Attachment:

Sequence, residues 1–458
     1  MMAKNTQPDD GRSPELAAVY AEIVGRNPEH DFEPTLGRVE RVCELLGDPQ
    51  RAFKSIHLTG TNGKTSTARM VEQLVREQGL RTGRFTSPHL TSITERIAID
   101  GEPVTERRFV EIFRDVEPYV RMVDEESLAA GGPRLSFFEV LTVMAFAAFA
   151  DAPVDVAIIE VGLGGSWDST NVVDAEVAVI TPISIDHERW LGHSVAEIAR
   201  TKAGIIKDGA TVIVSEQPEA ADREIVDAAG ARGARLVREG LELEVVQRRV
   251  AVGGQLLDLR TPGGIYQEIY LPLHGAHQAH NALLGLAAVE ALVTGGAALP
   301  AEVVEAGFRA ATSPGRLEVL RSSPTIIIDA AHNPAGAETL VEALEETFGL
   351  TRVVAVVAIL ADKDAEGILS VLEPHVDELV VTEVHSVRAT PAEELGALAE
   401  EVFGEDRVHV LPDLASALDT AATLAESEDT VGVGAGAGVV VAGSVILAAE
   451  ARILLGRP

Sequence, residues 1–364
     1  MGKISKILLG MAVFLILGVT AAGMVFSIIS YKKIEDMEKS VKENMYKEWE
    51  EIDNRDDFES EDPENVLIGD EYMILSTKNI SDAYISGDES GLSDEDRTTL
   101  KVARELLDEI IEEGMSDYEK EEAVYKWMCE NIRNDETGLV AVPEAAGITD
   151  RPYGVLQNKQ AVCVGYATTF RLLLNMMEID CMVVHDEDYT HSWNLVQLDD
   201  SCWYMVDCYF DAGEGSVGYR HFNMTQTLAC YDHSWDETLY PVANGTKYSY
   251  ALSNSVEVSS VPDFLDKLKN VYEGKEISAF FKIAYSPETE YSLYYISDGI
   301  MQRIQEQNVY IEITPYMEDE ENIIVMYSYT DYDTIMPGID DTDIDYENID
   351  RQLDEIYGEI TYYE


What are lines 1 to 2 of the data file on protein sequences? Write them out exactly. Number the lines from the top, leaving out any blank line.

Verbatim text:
Sequence, residues 1–458
     1  MMAKNTQPDD GRSPELAAVY AEIVGRNPEH DFEPTLGRVE RVCELLGDPQ